In general, the Ninth Circuit has expressed the view that even where the rule of completeness would apply, exclusion of a defendant's exculpatory statements is appropriate where those statements "would still have constituted inadmissible hearsay." Ortega, 203 F.3d at 682 (citation omitted). Or, put more directly, "Rule 106 does not compel admission of otherwise inadmissable hearsay evidence.'" Collicott, 92 F.3d at 983 (quoting Phoenix Associates III v. Stone, 60 F.3d 95, 103 (2d Cir. 1995); see also United States v. Burreson, 643 F.2d 1344, 1349 (9th Cir. 1981) (holding that district court properly exercised its discretion to exclude inadmissible hearsay where defendant had requested that such hearsay be admitted pursuant to Rule 106).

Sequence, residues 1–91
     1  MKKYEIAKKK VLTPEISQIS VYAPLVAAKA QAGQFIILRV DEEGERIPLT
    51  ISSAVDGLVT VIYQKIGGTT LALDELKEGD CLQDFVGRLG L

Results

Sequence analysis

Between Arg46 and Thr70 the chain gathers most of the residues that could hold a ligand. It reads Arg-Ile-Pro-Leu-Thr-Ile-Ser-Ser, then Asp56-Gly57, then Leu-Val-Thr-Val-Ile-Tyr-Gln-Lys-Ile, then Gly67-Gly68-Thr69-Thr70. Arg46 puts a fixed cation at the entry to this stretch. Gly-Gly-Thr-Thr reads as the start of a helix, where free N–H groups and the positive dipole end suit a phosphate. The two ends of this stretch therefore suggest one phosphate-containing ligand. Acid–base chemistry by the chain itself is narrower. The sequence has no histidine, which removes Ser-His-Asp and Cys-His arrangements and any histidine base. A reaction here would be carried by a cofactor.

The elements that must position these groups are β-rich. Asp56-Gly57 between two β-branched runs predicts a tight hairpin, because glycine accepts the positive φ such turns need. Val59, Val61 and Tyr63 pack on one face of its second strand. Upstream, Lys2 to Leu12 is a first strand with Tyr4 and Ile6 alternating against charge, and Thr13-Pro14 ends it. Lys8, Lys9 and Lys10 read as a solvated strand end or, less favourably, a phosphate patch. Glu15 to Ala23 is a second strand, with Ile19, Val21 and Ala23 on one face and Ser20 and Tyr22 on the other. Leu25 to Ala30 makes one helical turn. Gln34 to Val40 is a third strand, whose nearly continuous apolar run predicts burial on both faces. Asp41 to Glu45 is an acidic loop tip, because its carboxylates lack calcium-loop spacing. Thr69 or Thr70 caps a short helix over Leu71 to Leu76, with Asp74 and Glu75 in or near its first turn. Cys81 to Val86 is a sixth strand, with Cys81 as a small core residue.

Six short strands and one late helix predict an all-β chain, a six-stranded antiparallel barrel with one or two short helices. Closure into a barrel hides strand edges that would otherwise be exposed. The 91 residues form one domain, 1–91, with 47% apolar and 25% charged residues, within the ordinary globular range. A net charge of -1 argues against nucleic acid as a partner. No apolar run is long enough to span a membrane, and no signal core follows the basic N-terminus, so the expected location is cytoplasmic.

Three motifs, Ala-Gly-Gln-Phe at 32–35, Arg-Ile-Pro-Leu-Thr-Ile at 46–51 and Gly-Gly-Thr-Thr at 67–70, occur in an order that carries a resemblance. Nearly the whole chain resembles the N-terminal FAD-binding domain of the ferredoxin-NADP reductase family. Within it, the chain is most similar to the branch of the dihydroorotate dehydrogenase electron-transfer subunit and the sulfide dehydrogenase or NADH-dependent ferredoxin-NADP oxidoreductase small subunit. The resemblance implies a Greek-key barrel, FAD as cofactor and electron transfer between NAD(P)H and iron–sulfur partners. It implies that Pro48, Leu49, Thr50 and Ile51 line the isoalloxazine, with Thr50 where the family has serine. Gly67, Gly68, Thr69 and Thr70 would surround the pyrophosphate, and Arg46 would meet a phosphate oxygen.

However, at least one district court in this Circuit-citing Ortega and Collicott -has noted that while the "Rule of Completeness cannot serve as an end run around the prohibition on inadmissible hearsay, this principle does not allow the Government to offer abridged portions of statements that distort the meaning of a statement." United States v. Castro-Cabrera, 534 F.Supp.2d 1156, 1161 n. 6 (C.D. Cal. 2008). As the Castro-Cabrera court explained, "the Rule of Completeness was designed to prevent the Government from offering a misleading-tailored snippet'" of testimony. Id. at 1160 (quoting Collicott, 92 F.3d at 983). Thus, as the court found, the "Rule of Completeness warrants admission of statements in their entirety when the Government introduces only a portion of inextricably intertwined statements." Id. (emphasis added).